The Turkey flies instruments


Fetus Worshiper
Well, instrument ground school started today. Pretty basic stuff, just a review of the instruments, how they work, and how they can fail, or give false readings. I am still building time doing cross countries. I need another 6 hours solo cross, and I will be done with time build. Then on to instrument training with an instructor, which should be Thursday or Friday.

The Turk.

By the way: Freakerkookman is the best!
Well, time building is finally done. I have 40.3 hours PIC cross country, and just over 103 total hours. After 3 days of instrument ground we have already had 2 quizes, and a stage test tomorrow. I was assigned my instrument instructor, (who is by chance, the same instructor I had for private) and my first lesson in the sim is tomorrow. I am looking forward to it.

The Turk.
you'll hate the frasca at first, but you'll get used to it pretty quick. it really helps you get good at your scan of the instruments because its so jumpy.
The Frasca is difficult to fly at first, mainly I had trouble holding altitude, I was chasing it all over the place. But after 3-4 hours I have finally got the feel for the thing, and I am pretty smooth with it. I have done some BAI work, vertical S, pattern A and B. Doing all of that with partial panel, vacuum failure.
Tracking and intercepting VOR's was fun, but for some reason tracking and intercepting NDB's was more difficult for me. Basically finding out where I am in relation to the NDB and knowing which way to turn was the difficult part, but after some practice I am getting it. That is where I am so far in the instrument training.
As far as ground school goes, after one week, we have already had 2 quizez, and one stage test. And I understand it will be like that every week, for the 4 remaining weeks of ground.

The Turk.
Instrument training is going well. Passed the latest ground school test, and the Frasca is much easier to fly now. Now I am doing holds, DME arc, holding on VOR radials and NDB bearings. I have 2 more simm sessions, then the Stage 1 check.
At first I thought learning instruments was going to be a struggle, but now I am more confident, and I am actually looking forward to the lessons, and finally getting out of the Frasca and doing it in the real thing.

The Turk.
How's the Frasca compare to flying a real plane? does it have force feedback on the controls or anything? or sound?
its got a spring that puts tension on the controls but its no where as sophisticated as you might think. its really just a very realistic instrument panel with flight controls. the sound is one tone that sounds like an engine whirring sound. usually never on because its just annoying and doesn't change at all with different control settings. pretty much a useless option, but its funny. the machine basically just makes you learn to have a very good scan between different instruments, its not meant to simulate real-feel control surfaces. it works very well for what its intended to do, making you super efficient and very attentive to whats going on inside the cockpit.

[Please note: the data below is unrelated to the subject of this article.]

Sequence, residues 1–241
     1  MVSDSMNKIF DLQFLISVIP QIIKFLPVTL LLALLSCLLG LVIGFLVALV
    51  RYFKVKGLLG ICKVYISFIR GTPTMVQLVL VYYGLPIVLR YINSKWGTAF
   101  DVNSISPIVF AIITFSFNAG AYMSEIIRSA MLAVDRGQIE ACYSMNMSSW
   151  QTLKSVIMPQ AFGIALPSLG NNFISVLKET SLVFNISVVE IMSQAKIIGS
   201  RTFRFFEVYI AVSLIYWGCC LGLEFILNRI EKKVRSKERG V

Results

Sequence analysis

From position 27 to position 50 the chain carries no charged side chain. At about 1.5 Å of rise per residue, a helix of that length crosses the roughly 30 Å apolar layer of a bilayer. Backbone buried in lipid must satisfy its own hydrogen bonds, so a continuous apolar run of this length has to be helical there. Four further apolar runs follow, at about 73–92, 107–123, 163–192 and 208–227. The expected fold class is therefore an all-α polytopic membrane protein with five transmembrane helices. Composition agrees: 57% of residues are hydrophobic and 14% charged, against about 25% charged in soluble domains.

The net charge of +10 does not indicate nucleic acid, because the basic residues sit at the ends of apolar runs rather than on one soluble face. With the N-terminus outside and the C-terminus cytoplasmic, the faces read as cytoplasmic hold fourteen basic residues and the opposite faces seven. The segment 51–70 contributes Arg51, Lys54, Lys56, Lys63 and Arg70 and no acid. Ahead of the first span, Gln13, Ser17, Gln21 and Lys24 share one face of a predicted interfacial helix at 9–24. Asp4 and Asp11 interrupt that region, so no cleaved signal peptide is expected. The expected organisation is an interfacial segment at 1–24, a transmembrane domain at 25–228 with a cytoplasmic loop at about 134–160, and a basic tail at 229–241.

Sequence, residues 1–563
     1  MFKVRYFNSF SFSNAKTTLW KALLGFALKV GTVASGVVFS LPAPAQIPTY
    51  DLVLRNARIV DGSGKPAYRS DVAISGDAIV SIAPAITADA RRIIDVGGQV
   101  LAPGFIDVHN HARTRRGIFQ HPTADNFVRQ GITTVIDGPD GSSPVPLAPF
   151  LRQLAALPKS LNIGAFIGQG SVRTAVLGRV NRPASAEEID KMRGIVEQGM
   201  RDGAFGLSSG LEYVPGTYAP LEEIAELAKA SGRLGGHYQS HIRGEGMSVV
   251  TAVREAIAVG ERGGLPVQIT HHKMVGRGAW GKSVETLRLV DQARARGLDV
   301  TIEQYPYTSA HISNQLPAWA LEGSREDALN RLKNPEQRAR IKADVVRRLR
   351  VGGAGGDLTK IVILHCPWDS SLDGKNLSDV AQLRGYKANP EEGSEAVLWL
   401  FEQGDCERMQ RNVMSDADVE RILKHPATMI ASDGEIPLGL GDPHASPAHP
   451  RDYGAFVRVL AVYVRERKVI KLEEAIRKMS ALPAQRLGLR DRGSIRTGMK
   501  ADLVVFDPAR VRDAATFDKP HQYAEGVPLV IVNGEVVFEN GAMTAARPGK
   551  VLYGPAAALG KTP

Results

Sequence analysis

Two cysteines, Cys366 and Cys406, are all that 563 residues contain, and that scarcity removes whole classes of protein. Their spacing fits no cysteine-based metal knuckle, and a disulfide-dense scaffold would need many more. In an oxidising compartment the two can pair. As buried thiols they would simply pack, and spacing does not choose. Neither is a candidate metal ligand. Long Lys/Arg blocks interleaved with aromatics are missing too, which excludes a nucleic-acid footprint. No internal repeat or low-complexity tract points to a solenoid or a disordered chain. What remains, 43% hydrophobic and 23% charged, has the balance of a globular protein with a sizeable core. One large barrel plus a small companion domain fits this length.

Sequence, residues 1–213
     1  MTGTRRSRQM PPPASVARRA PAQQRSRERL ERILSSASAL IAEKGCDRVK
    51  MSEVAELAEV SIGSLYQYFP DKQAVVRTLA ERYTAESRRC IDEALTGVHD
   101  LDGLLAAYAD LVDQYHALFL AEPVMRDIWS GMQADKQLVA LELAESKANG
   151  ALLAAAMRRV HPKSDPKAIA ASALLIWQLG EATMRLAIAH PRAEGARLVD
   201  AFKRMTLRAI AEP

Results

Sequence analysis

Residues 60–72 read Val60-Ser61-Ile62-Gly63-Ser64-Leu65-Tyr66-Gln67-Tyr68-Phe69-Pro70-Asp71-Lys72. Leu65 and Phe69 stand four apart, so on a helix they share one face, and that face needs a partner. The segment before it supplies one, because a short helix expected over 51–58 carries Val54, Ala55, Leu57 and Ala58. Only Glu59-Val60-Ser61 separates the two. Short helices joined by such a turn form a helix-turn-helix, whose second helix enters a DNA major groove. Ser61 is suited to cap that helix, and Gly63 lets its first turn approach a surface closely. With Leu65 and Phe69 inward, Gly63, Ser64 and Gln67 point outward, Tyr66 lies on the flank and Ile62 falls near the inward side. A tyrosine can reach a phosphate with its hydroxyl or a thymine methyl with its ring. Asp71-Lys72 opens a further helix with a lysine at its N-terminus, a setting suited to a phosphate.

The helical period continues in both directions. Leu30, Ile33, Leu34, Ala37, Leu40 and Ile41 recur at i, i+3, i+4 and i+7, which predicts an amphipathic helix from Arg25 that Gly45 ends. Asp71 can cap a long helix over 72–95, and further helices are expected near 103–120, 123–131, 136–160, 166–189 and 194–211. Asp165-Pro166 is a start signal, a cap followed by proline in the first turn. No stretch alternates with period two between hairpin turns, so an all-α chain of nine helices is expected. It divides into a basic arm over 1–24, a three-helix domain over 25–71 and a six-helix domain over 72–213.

Exactly what Dakovich said. And I would add that, I dont even use the rudder pedals when I fly it, they are way too sensitive. You definately do not get a "feel" for it, all there is, is that spring that you feel when you pull back or push forward all the way. It even makes a springy sound.

The Turk.
if you touch the rudders in the AST HAWK sim you almost automatically go into a crazy inverted of that machines many quirks
Well, I passed instrument stage check 1. Pretty easy overall. The oral was short, about 30 minutes, and covered all the instruments and their errors, how VOR's and NDB's work, and how to enter holds.
The flight portion was a ride in the Frasca. I had to takeoff, do a constant rate climb, turn to headings while climbing. Track a VOR, intercept a specific radial, and enter a hold. Then tracked a NDB, and held on a specific bearing. Lost my vacuum driven gyro instruments, and had to make a few compass turns. Did a couple unusual attitude recoveries and that was it.
Now tomorrow, I get to actually fly in the Archer, and put this stuff to use in the real world! The more I learn about instrument flying, the more I like it.

The Turk.
Well, flying the Archer is sooo much better than the Frasca. But the workload is higher, you cant freeze yourself in the Archer like you can in the Frasca!! I have flown 2 ILS approaches, and it was awsome. At about 240 feet, I looked up from under the foggles, and there was the runway, all lit up, and I was right on course. Really cool. Tomorrow I fly the VOR approach into Vero, cant wait. Ground school is going a little quicker now, had another stage test today. Only 2 weeks of ground left, actually its less than that, we have class until next Wednesday, off for Thanksgiving, and then the final exam on Friday.